Willis Gaylord Clark

(1808-1841 / USA)

Biography of Willis Gaylord Clark

Willis Gaylord Clark (October 5, 1808 – June 12, 1841) was an American poet.

He was born in Otisco, New York and the twin-brother of Lewis Gaylord Clark. Clark wrote for the Knickerbocker Magazine a series of amusing articles called Ollapodiana. Among his best known poems is The Spirit of Life (1833). In the latter part of his life, he was the chief editor of the Philadelphia Gazette. Clark died from tuberculosis in Philadelphia, June 12, 1841. His Literary Remains were published in 1844, and a reissue of his collected poems in 1847.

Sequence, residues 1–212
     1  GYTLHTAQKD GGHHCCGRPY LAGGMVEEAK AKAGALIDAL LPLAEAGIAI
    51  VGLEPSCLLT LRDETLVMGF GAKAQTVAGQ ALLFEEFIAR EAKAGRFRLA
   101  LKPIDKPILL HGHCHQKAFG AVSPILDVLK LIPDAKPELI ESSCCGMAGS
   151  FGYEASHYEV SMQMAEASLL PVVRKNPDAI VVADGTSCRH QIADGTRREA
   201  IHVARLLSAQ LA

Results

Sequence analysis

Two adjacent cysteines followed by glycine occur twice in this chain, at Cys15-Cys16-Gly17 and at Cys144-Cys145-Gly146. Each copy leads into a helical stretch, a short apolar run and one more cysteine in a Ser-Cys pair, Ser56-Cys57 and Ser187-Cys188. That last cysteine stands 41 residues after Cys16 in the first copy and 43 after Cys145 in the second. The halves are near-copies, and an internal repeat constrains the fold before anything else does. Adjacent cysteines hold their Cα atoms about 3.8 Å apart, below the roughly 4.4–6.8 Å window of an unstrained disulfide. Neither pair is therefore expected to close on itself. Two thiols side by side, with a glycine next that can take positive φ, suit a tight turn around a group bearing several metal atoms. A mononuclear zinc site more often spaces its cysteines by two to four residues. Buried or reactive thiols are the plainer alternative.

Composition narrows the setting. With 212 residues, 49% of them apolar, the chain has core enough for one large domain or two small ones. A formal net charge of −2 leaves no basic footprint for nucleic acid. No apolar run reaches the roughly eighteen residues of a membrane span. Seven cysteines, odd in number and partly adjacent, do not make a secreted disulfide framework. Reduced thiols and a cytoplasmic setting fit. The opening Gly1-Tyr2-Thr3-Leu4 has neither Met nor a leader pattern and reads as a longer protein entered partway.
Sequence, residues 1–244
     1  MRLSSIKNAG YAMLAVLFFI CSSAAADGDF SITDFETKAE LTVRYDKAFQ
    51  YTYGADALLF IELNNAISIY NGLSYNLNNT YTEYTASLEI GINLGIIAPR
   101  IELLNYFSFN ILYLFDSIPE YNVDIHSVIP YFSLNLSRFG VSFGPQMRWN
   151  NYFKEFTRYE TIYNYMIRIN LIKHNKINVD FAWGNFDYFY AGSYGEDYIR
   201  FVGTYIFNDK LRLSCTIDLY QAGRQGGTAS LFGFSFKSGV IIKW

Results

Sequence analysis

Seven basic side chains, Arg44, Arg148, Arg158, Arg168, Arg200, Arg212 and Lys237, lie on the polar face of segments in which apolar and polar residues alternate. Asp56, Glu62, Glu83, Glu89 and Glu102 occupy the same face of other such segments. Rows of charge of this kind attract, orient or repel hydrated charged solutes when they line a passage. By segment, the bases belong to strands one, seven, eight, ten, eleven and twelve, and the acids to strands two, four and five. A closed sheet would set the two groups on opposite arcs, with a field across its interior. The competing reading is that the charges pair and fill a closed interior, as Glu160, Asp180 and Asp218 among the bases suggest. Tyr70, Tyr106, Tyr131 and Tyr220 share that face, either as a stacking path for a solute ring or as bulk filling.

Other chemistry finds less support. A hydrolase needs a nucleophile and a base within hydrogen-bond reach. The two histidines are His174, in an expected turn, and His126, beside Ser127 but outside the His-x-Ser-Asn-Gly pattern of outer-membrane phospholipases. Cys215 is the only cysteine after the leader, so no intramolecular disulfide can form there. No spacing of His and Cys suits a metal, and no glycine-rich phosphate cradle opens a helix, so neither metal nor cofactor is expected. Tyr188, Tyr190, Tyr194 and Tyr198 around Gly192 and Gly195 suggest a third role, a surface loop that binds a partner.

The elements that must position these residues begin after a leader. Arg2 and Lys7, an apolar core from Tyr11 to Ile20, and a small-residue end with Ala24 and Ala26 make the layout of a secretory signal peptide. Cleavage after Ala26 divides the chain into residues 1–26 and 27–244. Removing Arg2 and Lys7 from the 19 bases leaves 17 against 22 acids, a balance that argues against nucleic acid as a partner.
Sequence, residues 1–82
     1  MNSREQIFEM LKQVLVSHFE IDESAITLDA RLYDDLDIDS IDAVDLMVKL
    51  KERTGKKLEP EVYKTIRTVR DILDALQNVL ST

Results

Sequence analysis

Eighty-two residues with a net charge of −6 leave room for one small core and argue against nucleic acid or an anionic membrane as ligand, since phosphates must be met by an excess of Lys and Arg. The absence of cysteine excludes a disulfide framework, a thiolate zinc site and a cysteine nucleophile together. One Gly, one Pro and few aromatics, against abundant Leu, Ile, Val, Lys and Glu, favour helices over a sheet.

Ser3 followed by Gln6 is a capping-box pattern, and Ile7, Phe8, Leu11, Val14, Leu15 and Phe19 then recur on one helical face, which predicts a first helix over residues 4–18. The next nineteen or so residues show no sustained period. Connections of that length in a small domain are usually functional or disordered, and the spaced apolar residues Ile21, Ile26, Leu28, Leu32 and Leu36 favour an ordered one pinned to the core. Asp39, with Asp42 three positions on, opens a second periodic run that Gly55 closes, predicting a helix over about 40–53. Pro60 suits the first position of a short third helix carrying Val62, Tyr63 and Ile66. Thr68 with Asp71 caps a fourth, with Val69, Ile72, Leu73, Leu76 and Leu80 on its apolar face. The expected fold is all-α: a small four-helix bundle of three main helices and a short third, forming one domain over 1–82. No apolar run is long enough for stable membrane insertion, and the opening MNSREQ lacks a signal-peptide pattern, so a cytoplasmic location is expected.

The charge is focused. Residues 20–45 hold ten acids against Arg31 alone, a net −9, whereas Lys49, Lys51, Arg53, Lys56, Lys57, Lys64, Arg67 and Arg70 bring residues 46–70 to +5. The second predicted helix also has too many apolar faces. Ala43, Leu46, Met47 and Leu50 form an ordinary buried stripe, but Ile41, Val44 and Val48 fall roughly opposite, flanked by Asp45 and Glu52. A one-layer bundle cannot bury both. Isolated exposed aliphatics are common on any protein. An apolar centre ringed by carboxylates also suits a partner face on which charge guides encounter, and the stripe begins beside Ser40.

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Methinks, when on the languid eye
Life's autumn scenes grow dim;
When evening's shadows veil the sky;
And pleasure's siren hymn
Grows fainter on the tuneless ear,
Like echoes from another sphere,
Or dreams of seraphim--
It were not sad to cast away
This dull and cumbrous load of clay.

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